Skip to main content

BRP avoids liability in Sea-Doo lawsuit

Bombardier Recreational Products was found not to be liable for injuries that a Naples, Fla., woman sustained in 2007 when she fell off the back of a Sea-Doo.

A federal jury last week originally awarded Christina Thomas, 21, $1.75 million, but U.S. District Judge John Steele reviewed the verdict sheet before it was announced and rejected it, the Marco Eagle newspaper reported.

Jurors had not correctly followed instructions. They found the driver and owner equally negligent and ordered them to pay Thomas, but BRP was the defendant in the case.

The jury found that BRP, which manufactured the 2006 Sea-Doo RXT, had not negligently designed the Sea-Doo and that it was not in a defective condition.

Thomas slipped off the back of the Sea-Doo on May 20, 2007, when water from its jet thrust shot inside her, causing excruciating pain and internal injuries and bloodying the Gulf of Mexico, she told the court.

Thomas, now a student at Florida Gulf Coast University, was rushed to a hospital, where she spent about two weeks recovering from the Memorial Day weekend accident. She wore a colostomy bag for several months. An operation reversed that, but the former cheerleader still has medical problems and can only give birth through a C-section, the newspaper reported.

Thomas' lawyer, Robert Selig of Fort Lauderdale, is filing post-trial motions and is considering an appeal involving a pretrial ruling that barred him from mentioning 17 other women who were seriously injured in similar cases involving Bombardier, Kawasaki, Polaris and other manufacturers, including two that Bombardier settled.

Thomas' lawsuit hinged on a warning label placed beneath the handlebars at the front of the two-seat Sea-Doo. Selig and his expert contended that it was not conspicuous enough, but Bombardier's lawyer argued that it was.

Bombardier's lawyer had argued that Thomas, Sea-Doo driver James Del Sordo, now 25, and owner George Smith, the father of a classmate, were negligent because they did not read or heed the warning label.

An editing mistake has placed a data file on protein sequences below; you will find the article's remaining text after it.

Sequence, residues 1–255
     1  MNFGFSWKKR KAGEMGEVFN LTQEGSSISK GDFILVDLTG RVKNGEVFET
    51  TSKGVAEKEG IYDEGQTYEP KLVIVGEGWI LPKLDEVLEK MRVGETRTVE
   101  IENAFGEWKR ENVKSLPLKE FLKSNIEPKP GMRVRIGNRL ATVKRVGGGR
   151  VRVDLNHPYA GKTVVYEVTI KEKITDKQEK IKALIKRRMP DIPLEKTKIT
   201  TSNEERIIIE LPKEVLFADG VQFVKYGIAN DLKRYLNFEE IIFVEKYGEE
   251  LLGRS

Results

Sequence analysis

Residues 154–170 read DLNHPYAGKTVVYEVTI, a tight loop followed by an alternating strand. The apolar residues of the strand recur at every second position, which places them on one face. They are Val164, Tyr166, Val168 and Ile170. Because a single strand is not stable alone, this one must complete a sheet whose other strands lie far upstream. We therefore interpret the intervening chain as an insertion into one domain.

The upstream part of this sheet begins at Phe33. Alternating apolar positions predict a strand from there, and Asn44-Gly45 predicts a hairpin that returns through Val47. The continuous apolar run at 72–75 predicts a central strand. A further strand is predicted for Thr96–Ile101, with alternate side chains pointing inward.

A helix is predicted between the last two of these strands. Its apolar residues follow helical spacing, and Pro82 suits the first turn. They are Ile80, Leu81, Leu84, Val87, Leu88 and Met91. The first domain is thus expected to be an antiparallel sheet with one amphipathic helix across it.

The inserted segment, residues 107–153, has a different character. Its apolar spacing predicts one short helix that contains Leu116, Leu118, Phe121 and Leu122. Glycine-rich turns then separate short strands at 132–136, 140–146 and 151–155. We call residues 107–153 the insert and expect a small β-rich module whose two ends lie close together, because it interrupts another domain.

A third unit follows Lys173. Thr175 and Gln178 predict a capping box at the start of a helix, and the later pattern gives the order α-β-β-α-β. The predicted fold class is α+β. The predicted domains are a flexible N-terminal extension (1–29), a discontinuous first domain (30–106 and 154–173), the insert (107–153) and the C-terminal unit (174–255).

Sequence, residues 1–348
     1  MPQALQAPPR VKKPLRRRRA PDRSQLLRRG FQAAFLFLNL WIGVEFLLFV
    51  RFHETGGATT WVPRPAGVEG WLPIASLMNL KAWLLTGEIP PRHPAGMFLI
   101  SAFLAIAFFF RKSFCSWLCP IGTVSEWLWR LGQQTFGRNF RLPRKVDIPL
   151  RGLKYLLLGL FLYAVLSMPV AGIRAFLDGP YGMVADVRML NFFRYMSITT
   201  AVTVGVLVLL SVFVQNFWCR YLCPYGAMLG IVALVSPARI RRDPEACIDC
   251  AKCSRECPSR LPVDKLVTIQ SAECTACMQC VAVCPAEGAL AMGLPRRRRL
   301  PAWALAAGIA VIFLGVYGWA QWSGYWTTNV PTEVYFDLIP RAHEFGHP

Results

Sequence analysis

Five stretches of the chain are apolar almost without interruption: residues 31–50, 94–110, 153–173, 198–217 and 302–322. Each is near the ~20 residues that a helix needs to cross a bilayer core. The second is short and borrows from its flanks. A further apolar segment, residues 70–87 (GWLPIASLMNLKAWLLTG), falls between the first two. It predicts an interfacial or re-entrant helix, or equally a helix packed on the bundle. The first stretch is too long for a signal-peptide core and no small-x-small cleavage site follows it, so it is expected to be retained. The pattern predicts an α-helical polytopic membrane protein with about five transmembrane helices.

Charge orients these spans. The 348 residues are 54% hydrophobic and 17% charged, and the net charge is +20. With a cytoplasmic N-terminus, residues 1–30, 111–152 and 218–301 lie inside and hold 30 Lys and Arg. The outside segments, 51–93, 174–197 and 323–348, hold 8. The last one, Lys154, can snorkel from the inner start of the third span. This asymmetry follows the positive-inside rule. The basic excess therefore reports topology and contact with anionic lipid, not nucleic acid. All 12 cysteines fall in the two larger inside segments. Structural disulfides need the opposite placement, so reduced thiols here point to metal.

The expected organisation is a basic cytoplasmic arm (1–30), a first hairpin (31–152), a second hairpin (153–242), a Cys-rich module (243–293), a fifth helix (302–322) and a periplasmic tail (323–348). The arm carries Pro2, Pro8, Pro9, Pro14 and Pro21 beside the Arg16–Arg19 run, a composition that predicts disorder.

Click here to read the full article.

Related

Norm#4

Doing Good for a Good Night’s Sleep

The Massachusetts Marine Trades Association partnered with “A Bed for Every Child” to build beds for families in need.

1_RBFF.BOARD

RBFF Adds Six Board Members

The foundation said the board members add a breadth of experience from the fishing and boating industries as well as state government agency work.

1_PULSE.PING

DEALERS: How Was Business in the First Half of 2022?

Did the first six months of the year meet your expectations, and did you make budget? Take the Pulse Report survey here.

1_AKZO.CEO

AkzoNobel Names New CEO

The company said Gregoire Poux-Guillaume’s experience as CEO of two other companies includes a track record of growth and teambuilding.

1_FLEXOFOLD

Flexofold Hires New Managing Director

The company said Henning Uldall will concentrate on sales growth and moving the company to a new headquarters.

1_STO.AWARDS

Soundings Trade Only Announces Fifth Annual Most Innovative Marine Company Awards

The global program will recognize transformative innovation and ingenuity that benefits the marine industry.

1_YAMAHATARPONTRUST

Yamaha Is Now the Official Outboard of BTT

The outboard manufacturer announced a sponsorship of the Bonefish & Tarpon Trust, which aims to protect and conserve populations of the popular gamefish.

1_BTN

The Only Strength Is in Sail

Overall demand trends are still very strong even though recreational boat registrations continue to plunge in most vessel categories. Only three of the 15 boat-type categories saw increases in April 2022—sail was the lone category that was up in March.